“Twilight Epiphany” Skyspace Light Art Installation
A work by celebrated American artist James Turrell. This installation consists of a 28′ square viewing area, , enclosed by a grass berm and covered by an elevated, The interior space provides a rich, varied experience of the changing light conditions through the oculus. The installation serves as a music performance space for a limited number of people of people and opened to the public June 14, 2012.
Standing adjacent to the Shepherd School of Music on the Rice University campus, James Turrell’s “Twilight Epiphany” Skyspace has landed. The pyramidal structure accommodates 120 people on two levels and is acoustically engineered for musical performances and a laboratory for music school students. Constructed of grass, concrete, stone and composite steel, the structure is equipped with an LED light performance that projects onto the ceiling and through the 72-foot square knife-edge roof, which is open to the sky. Turrell’s composition of light complements the natural light present at sunrise and sunset, and transforms the Skyspace into a locale for experiencing beauty and reflective interaction with the surrounding campus and the natural world. “Twilight Epiphany” is made possible by Suzanne Deal Booth, member of the Rice Board of Trustees.
The skyspace, featuring a pyramidal grass berm 100 feet square and a 72-foot-square floating canopy roof, will be an immense structure capable of accommodating almost 150 people. It will include seating for 44 people in the ground-floor chamber, which is acoustically equipped for musical performances and laboratory space for music school students. Visitors will see an LED light show at sunrise and sunset reflecting around the uncovered roof aperture, which will be open to the sky.
“The installation will complement the natural light present at sunrise and sunset, and transform the James Turrell skyspace into a locale for contemplation and reflective interaction with the rest of the campus and the natural world,” said Rice Art Director Molly Hipp Hubbard. “It will serve as the anchor for Rice’s public artworks at the west end of campus and draw people to Rice to enjoy the many other works we have added over the past couple of years.”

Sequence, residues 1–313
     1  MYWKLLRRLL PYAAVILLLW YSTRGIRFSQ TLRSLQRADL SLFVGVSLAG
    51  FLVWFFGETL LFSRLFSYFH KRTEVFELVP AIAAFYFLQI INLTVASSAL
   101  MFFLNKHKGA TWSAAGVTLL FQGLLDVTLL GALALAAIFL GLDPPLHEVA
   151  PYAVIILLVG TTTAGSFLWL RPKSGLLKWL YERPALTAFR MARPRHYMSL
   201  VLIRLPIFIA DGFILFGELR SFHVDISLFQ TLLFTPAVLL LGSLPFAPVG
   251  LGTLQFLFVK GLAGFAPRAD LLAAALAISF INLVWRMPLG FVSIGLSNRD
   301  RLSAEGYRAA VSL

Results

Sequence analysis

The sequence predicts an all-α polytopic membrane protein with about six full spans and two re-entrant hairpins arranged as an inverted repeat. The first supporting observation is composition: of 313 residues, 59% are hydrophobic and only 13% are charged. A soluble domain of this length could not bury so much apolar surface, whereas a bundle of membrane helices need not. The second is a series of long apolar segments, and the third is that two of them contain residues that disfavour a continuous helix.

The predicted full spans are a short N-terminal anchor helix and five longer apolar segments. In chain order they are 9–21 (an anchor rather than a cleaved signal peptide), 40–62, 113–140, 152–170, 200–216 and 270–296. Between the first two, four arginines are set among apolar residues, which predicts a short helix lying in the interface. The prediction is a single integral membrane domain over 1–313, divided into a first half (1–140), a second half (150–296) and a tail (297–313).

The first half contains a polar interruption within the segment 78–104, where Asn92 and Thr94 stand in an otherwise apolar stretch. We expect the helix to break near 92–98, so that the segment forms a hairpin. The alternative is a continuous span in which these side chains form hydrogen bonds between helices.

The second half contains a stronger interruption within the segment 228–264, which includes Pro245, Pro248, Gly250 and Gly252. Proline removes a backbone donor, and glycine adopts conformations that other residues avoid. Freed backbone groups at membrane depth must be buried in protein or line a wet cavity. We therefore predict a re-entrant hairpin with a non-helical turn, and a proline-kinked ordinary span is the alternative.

For more than four decades, Turrell has used light and space to extend and enhance perception. His Rice Skyspace, one of his largest, is his 73rd worldwide. It is also the first to be engineered for acoustics, both for live performances and for electronic music. Turrell’s work has been the subject of more than 140 solo exhibitions worldwide since 1967. Since 1972, he has been transforming Roden Crater, a natural cinder volcano situated in Arizona’s Painted Desert, into a large-scale artwork.
His permanent installations are on view at the Guggenheim Museum in New York; the Museum für Moderne Kunst in Frankfurt am Main, Germany; and the Panza Collection in Varese, Italy, among others. In 2009, the James Turrell Museum officially opened at the Bodega Colomé in Salta, Argentina.
Turrell is the recipient of Guggenheim and MacArthur Fellowships. The artist has two other major projects in Houston: the Quaker Meetinghouse and “The Light Inside,” a site-specific, neon and ambiently lit interior installation at the Museum of Fine Arts, Houston. Turrell received his B.A. from Pomona College and his M.F.A. from the Claremont Graduate School, University of California at Irvine.
Name: Twilight Epiphany
Location: Suzanne Deal Booth, Rice University, 6100 Main St, Houston, Texas 77251, United States
Type: Light Art, INSTALLATION, Art in Architecture, Art Exhibition
Total occupancy: 120
- Floor Elevation: 48.125
- Building Area: 5,184 sqf
- Size of roof: 72’-0” x 72’-0”
- Size of oculus: 14’-0” x 14’-0”
- Pavilion enclosed, size: 77’-0” x 77’-0”
- Pavilion plaza, size: 129’-0” x 129’-0”
Technique: Media – Skyspace, light and space
Project Year: 2012
Completion Year: June, 2012
Client / Owner / Developer: Rice University
Artist: James Turrell, Flagstaff, Arizona, United States
Architect: Thomas Phifer and Partners
Construction team: Linbeck
Text Description: © Courtesy of Rice University, James Turrell
Images: © Rice University